By Henry Uche
The Executive Director (ED), Nigerian Institute for Oceanography and Marine Research (NIOMR), Dr Sule Abiodun, has reiterated Nigeria’s readiness to meet the demand of its fish consumption considering the massive training of fish farmers in the country.
This is coming as fish contributed to the nation’s composite food index which rose by 16.66 per cent in September compared to 16.00 per cent in August, according to the National Bureau of Statistics (NBS).
Speaking at a recent training for over 100 participants selected from different zones in the Niger State, North Senatorial District, the ED said if the massive budgetary allocation for zonal intervention projects across the country by the Federal Government is sustained the nation would meet its fish demand.
He said because the population of the country is already above 200 million people, training more fish farmers became imperative to reduce importation of fish in line with the mandate of the institute.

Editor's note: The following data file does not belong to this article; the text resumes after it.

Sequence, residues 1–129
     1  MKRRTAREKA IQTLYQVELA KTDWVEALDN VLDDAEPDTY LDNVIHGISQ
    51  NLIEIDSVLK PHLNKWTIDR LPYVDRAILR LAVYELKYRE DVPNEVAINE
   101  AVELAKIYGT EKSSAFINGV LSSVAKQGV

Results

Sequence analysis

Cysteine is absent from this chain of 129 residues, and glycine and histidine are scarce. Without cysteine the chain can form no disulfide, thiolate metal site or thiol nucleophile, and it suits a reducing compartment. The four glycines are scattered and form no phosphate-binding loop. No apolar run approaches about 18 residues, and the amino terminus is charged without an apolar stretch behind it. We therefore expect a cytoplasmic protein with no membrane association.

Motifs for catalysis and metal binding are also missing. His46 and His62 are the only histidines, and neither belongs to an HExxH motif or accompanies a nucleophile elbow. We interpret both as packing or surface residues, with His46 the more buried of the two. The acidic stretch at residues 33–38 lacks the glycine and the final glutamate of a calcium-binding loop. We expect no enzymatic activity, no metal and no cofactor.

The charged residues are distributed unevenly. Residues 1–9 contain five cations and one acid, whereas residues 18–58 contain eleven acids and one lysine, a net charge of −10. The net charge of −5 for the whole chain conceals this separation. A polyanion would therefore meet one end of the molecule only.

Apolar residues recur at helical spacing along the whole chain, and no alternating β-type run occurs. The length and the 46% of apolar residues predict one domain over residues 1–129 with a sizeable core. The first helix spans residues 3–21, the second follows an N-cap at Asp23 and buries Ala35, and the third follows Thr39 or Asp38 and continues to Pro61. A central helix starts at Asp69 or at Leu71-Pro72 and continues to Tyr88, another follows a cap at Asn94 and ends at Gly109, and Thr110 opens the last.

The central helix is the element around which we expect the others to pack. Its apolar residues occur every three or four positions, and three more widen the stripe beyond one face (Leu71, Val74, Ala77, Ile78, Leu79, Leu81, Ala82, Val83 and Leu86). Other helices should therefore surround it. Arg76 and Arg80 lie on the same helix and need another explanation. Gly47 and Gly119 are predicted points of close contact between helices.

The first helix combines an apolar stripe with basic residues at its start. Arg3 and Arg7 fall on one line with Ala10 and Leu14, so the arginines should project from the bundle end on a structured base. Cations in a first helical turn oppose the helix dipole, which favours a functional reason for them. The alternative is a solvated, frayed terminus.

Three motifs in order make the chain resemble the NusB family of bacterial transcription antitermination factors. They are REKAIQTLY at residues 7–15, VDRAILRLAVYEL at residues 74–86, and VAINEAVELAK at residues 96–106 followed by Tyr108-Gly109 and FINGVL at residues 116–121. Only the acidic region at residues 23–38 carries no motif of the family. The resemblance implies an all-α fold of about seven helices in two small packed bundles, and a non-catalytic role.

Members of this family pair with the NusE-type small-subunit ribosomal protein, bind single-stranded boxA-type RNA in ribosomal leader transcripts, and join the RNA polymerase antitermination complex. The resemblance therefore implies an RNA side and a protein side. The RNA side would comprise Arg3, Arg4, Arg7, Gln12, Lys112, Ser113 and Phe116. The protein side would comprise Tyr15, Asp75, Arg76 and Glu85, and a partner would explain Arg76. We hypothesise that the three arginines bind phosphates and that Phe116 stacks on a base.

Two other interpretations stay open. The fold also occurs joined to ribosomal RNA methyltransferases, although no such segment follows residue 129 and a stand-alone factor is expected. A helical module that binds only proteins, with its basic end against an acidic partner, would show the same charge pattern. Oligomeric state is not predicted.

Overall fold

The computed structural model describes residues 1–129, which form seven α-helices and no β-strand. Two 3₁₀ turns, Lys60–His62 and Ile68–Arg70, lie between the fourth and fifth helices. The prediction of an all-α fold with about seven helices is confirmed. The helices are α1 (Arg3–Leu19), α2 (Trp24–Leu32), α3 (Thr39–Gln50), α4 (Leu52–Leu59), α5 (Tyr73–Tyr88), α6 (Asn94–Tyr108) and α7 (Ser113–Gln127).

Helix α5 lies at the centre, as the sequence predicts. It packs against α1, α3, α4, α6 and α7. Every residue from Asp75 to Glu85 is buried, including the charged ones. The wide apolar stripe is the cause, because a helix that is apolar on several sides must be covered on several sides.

Represented by Mr Ayabu Cookey, he explained that as more Nigerians are trained on fish production, the institute would leverage vast water resources available to engage in cage culture farming.
‘The increase in the fish army that we are training is simple economics because once supply outweighs demand the cost will fall. This is how we can approach the food inflation trend in Nigeria and the entire Gross Domestic Product (GDP) of the nation.
‘As a world-class institution, we have been into fish research especially in Aquaculture since 1975 and have a vision and mission to drive this industry and that is why we put a premium on international training of our researchers. All these farmers that are trained would help reduce the fish demand in the country,’ he stated.
Commenting on the significance of the training on the fish value chain, Senator Aliyu Abdullahi stressed that the project was in line with the government diversification drives into the agro-economy initiative.
‘We are just trying to key into the FG plan of diversification taking into account the population rate and the supply of fish is not sufficient. So all these are ways to contribute our quota into the main fish production for the consumption of the populace.’